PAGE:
Back in the 1980s, the federal Department of Energy knew they had a problem at the Paducah Gaseous Diffusion Plant in Kentucky. Workers processing uranium there were getting irradiated. Many were getting sick with, even dying from, radiation-linked cancers. The DOE kept quiet about it for years, not even warning workers of an on-the-job risk. Even though the Washington Post’s Joby Warrick reported in 1999, “problems have continued. Workers weave between makeshift fences that cordon off hundreds of radioactive ‘hot spots’ scattered across the complex. In one corner of the plant, mildly radioactive runoff trickles from a nearly half-mile-long mound of rusting barrels that still contain traces of uranium.”
When sick workers applied for compensation, they were turned down, often with the challenge; show us your exposure records, prove you got your cancer here.
Warrick’s report in the Post didn’t play well in congress, which in the next year, 2000, passed a law which said applicants who had one of 22 radiation-linked cancers and could prove that they worked at a federal nuclear facility at a time when exposure was likely were eligible for compensation.
In a strong hint that congress knew where the problem lay, sick workers were to get expedited compensation if the place they worked didn’t have accurate records to evaluate their claim.
Then congress handed things over to the Department of Energy, the National Institute for Occupational Safety and Health (NIOSH) and the Department of Labor, whose combined efforts proved the Washington wisecrack: if you want one thing not to happen, ask three agencies to do it.
The bill to relieve nuclear workers sick with cancer was passed in 2000. The first applications weren’t processed until late in 2004, after some senators raised a stink.
Once applications began to be considered, they were separated into two categories: First, those referring to exposures from 1974 to 1995, of which the majority received relatively quick approved for full medical coverage and a $150,000 lump sum payment because everybody knew record-keeping before 1995 was a shambles. The second category was for claims dating from 1996 and later. Those applications were getting rejected right and left. Why? In 1996, the DOE decreed new health and safety standards for its nuclear facilities, including upgraded requirements for record-keeping. NIOSH decided, because these new standards existed, they must have been met, and therefore record-keeping must have been too good to miss any dangerous radiation exposures.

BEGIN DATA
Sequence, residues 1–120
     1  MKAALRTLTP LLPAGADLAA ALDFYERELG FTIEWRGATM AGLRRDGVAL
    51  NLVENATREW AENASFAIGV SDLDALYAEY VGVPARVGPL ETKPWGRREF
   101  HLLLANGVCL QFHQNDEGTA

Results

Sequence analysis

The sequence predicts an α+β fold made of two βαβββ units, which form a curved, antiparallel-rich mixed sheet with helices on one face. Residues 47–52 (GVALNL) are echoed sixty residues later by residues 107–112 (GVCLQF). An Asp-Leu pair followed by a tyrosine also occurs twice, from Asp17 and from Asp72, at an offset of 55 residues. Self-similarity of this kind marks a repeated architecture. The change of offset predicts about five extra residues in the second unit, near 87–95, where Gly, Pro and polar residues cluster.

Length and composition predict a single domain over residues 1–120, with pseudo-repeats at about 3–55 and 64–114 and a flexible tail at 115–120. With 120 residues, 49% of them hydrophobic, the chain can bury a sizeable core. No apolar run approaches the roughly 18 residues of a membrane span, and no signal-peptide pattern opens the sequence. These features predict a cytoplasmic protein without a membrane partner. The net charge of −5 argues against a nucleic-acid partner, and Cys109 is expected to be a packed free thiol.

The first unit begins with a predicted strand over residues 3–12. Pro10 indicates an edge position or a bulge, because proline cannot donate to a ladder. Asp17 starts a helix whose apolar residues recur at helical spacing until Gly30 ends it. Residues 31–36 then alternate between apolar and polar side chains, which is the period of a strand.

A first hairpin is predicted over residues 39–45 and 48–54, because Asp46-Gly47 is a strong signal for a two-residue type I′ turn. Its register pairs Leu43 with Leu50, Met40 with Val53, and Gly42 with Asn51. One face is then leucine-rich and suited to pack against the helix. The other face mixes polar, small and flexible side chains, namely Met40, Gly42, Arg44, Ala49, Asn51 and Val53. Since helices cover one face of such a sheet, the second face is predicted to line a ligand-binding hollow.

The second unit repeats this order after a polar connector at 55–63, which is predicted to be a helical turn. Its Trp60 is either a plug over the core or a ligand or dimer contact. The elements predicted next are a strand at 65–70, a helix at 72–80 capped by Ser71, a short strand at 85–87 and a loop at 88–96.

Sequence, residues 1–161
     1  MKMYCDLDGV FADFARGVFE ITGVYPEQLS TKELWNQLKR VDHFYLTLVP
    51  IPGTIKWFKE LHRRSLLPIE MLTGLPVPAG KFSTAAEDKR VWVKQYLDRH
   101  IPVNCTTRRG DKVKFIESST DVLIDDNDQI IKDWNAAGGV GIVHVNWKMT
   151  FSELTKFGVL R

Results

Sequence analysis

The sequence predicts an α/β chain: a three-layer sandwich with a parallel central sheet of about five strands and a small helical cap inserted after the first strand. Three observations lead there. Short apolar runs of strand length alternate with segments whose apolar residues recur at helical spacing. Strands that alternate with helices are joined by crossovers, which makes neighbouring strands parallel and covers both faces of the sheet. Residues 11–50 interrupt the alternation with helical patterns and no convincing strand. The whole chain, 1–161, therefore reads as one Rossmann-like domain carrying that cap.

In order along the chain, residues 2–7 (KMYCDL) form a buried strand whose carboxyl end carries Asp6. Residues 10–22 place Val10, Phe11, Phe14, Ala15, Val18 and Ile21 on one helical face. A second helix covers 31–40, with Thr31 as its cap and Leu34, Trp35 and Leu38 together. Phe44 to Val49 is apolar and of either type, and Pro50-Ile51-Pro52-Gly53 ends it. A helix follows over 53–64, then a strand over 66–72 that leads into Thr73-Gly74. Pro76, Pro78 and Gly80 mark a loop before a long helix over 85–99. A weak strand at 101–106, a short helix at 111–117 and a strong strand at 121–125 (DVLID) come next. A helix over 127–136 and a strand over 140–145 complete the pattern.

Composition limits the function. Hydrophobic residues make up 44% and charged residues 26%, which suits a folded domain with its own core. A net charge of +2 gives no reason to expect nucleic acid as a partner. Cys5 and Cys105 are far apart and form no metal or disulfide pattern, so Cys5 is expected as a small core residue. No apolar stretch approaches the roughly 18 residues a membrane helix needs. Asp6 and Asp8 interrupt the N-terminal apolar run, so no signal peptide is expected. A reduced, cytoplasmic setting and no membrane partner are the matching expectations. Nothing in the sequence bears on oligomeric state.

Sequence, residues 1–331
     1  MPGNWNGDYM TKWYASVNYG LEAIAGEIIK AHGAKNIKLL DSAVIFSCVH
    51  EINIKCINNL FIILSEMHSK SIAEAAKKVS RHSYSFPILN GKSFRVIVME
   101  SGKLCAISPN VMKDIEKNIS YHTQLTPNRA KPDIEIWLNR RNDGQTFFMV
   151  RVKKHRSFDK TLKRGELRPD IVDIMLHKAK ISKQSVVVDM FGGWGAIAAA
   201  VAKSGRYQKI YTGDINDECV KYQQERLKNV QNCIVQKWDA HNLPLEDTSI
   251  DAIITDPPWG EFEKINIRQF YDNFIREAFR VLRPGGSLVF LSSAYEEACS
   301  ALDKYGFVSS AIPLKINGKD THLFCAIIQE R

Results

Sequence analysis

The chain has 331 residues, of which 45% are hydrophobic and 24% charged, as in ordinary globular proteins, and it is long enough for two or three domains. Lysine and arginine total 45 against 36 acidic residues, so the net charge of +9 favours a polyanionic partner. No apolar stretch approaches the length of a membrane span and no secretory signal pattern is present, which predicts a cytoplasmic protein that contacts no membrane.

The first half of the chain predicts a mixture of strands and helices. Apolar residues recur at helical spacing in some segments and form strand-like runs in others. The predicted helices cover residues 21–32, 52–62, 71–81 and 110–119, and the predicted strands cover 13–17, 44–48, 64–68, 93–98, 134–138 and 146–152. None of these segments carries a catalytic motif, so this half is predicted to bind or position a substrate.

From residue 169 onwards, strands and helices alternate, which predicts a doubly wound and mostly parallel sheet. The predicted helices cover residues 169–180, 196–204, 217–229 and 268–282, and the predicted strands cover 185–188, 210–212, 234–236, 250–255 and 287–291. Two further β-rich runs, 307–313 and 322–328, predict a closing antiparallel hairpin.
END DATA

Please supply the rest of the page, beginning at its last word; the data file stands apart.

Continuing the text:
An agency review produced enough evidence to force NIOSH to walk that crazy idea back, but not the twisted logic behind it. Applicants next were turned down because if there were no personal radiation exposure records for them, it must have been because they weren’t wearing detectors, which showed their bosses had decided they didn’t need them. Therefore, the lack of evidence of radiation exposure was the evidence they were not exposed. Once again, a review team said, more or less, this is nuts.
Still today, hundreds of cancer-stricken post-1996 applicants are being turned down, but now NIOSH offers a 21st century reason: the algorithm made us do it. Computer modeling, they say, tells them what the magic new standard and the absence of monitoring records told them: that there was no exposure and that this applicant’s cancer came from somewhere else. Case closed.
Well, maybe not. The fight goes on.
Rebecca Moss has covered the environment and Los Alamos National Laboratory for the Santa Fe New Mexican since 2015. This year, she was selected to participate in the ProPublica Local Reporting Network.